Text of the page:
- Doi Y, Teranaka M, Yora K, Asuyama H (1967). "Mycoplasma or PLT-group-like organisms found in the phloem elements of plants infected with mulberry dwarf, potato witches' broom, aster yellows or paulownia witches' broom". Annals of the Phytopathological Society of Japan. 33 (4): 259–266. doi:10.3186/jjphytopath.33.259.
- Contaldo, N.; Bertaccini, A.; Paltrinieri, S.; Windsor, H.M.; Windsor, G.D. (2012). "Axenic culture of a plant pathogenic Phytoplasma". Phytopathologia Mediterranea. 244: 607–617. doi:10.14601/Phytopathol_Mediterr-11773 (inactive 2019-08-20).
- Okuda, S (1972). "Occurrence of diseases caused by mycoplasma-like organisms in Japan". Plant Protection. 26: 180–183.
- Hogenhout, SA; Oshima K; Ammar E-D; Kakizawa S; Kingdom HN; Namba S (2008). "Phytoplasmas: bacteria that manipulate plants and insects". Molecular Plant Pathology. 9 (4): 403–423. doi:10.1111/j.1364-3703.2008.00472.x. PMID 18705857. Archived from the original on 2012-10-01. Retrieved 2008-07-04.
- Bertamini, M; Grando M. S; Nedunchezhian N (2004). "Effects of Phytoplasma Infection on Pigments, Chlorophyll-Protein Complex and Photosynthetic Activities in Field Grown Apple Leaves". Biologia Plantarum. 47 (2): 237–242. doi:10.1006/pmpp.2003.0450.
- Berg, M; Davis DL; Clark MF; Vetten HJ; Maier G; Marcone C; Seemuller E (1999). "Isolation of the gene encoding an immunodominant membrane protein of the apple proliferation phytoplasma, and expression and characterization of the gene product". Microbiology. 145 (8): 1939–1943. doi:10.1099/13500872-145-8-1937. PMID 10463160.
- Lee, IM; Davis RE; Gundersen-Rindal DE (2000). "Phytoplasma: Phytopathogenic Mollicutes". Annual Review of Microbiology (Submitted manuscript). 54: 221–255. doi:10.1146/annurev.micro.54.1.221. PMID 11018129.
- Pracros, P; Renaudin J; Eveillard S; Mouras A; Hernould M (2006). "Tomato Flower Abnormalities Induced by Stolbur Phytoplasma Infection Are Associated with Changes of Expression of Floral Development Genes". Molecular Plant-Microbe Interactions. 19 (1): 62–68. doi:10.1094/MPMI-19-0062. PMID 16404954.
- Himeno, M; Neriya Y; Minato N; Miura C; Sugawara K; Ishii Y; Yamaji Y; Kakizawa S; Oshima K; Namba S (2011). "Unique morphological changes in plant pathogenic phytoplasma-infected petunia flowers are related to transcriptional regulation of floral homeotic genes in an organ-specific manner". Plant Journal. 67 (6): 971–979. doi:10.1111/j.1365-313X.2011.04650.x. PMID 21605209.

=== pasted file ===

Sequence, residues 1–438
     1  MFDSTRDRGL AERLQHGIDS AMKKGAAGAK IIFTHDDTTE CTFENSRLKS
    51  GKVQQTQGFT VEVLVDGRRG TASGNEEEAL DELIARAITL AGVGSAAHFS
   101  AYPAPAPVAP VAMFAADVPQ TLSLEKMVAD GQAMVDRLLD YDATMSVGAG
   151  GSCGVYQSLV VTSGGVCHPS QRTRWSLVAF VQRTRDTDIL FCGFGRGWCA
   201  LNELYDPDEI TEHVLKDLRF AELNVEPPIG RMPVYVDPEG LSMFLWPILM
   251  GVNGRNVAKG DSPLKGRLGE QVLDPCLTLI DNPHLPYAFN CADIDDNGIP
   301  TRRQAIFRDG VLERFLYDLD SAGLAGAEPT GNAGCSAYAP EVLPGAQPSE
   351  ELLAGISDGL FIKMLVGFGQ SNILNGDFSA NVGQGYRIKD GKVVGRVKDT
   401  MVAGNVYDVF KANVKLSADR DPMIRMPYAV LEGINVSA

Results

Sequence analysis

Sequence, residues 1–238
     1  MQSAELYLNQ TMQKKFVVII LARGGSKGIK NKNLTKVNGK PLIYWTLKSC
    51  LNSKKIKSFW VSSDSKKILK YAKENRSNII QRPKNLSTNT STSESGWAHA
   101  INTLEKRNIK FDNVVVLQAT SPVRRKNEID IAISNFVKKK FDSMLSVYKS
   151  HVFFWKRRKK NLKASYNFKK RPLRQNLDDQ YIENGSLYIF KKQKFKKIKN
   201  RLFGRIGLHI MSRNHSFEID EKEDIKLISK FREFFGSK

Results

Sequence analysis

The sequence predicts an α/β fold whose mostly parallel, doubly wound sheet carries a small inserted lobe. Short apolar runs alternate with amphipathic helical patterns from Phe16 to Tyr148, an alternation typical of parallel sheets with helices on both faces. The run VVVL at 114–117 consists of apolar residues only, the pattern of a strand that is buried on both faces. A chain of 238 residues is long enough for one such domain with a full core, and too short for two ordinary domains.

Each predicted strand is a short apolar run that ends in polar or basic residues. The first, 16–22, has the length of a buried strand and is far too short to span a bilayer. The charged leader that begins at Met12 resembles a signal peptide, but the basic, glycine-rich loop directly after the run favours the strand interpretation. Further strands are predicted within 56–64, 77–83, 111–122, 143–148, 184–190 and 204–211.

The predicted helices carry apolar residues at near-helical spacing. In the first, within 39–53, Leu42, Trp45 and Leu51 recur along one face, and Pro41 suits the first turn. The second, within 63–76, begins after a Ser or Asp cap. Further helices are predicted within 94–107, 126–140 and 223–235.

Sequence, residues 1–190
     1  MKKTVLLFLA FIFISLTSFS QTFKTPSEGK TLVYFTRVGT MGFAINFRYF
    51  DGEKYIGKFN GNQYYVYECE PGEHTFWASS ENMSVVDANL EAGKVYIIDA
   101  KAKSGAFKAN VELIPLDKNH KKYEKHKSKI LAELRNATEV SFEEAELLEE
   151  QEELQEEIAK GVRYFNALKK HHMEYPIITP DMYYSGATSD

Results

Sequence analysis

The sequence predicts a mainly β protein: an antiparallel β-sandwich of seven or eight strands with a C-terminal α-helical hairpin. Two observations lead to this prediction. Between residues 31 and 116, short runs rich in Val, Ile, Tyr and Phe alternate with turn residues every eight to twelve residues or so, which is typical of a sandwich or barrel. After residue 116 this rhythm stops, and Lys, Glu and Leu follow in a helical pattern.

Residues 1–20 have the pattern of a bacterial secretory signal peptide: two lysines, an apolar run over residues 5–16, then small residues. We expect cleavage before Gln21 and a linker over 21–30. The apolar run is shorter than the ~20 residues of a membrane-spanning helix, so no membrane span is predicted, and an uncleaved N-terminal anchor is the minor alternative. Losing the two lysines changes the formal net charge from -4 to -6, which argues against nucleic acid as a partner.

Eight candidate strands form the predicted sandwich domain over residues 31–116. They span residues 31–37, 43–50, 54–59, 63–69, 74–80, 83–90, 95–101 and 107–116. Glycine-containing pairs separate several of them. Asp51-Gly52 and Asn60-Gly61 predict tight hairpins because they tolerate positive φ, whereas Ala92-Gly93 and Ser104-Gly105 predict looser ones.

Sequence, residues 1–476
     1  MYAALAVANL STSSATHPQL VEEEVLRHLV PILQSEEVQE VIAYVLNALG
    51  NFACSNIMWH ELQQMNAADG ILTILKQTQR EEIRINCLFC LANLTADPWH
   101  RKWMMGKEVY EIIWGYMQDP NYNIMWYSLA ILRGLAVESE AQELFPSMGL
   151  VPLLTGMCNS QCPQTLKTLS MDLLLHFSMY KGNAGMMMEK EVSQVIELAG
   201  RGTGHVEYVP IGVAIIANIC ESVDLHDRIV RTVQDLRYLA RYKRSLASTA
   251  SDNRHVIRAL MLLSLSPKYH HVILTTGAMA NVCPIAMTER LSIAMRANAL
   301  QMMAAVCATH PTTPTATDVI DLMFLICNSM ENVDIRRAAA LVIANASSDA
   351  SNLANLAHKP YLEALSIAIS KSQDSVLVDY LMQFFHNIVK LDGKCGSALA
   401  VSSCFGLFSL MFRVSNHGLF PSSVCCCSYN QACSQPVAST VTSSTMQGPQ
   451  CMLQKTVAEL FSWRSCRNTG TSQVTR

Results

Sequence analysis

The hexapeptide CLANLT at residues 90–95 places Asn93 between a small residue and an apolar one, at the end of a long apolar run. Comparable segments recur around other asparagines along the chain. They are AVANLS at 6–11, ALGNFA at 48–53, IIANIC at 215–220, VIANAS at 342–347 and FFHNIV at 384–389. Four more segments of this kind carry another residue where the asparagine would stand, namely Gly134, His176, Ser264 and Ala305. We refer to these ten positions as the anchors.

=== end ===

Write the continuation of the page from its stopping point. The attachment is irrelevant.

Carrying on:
- Muast BE, Espadas F, Talavera C, Aguilar M, Santamaría JM, Oropeza C (2003). "Changes in carbohydrate metabolism in coconut palms infected with the lethal yellowing phytoplasma". Phytopathology. 93 (8): 976–981. doi:10.1094/PHYTO.2003.93.8.976. PMID 18943864.
- Lee, IM; Klopmeyer M; Bartoszyk IM; Gundersen-Rindal DE; Chou TS; Thomson KL; Eisenreich R (1997). "Phytoplasma induced free-branching in commercial poinsettia cultivars". Nature Biotechnology. 15 (2): 178–182. doi:10.1038/nbt0297-178. PMID 9035146.
- Hoshi, A; Oshima K; Kakizawa S; Ishii Y; Ozeki J; Hashimoto M; Komatsu K; Kagiwada S; Yamaji Y; Namba S (2009). "A unique virulence factor for proliferation and dwarfism in plants identified from a phytopathogenic bacterium". Proceedings of the National Academy of Sciences. 106 (15): 6416–6421. Bibcode:2009PNAS..106.6416H. doi:10.1073/pnas.0813038106. PMC 2669400. PMID 19329488.
- Minato, N; Himeno M; Hoshi A; Maejima K; Komatsu K; Takebayashi Y; Kasahara H; Yusa A; Yamaji Y; Oshima K; Kamiya Y; Namba S (2014). "The phytoplasmal virulence factor TENGU causes plant sterility by downregulating of the jasmonic acid and auxin pathways". Scientific Reports. 4: 7399. Bibcode:2014NatSR...4E7399M. doi:10.1038/srep07399. PMC 4261181. PMID 25492247.
- Sugawara, K; Honma Y; Komatsu K; Himeno M; Oshima K; Namba S (2013). "The alteration of plant morphology by small peptides released from the proteolytic processing of the bacterial peptide TENGU". Plant Physiology. 162 (4): 2004–2015. doi:10.1104/pp.113.218586. PMC 3729778. PMID 23784461.
- Bai, X; Correa, VR; Toruño, TY; Ammar, el-D; Kamoun, S; Hogenhout, SA (January 2009). "AY-WB phytoplasma secretes a protein that targets plant cell nuclei". Molecular Plant-Microbe Interactions. 22 (1): 18–30. doi:10.1094/MPMI-22-1-0018. PMID 19061399.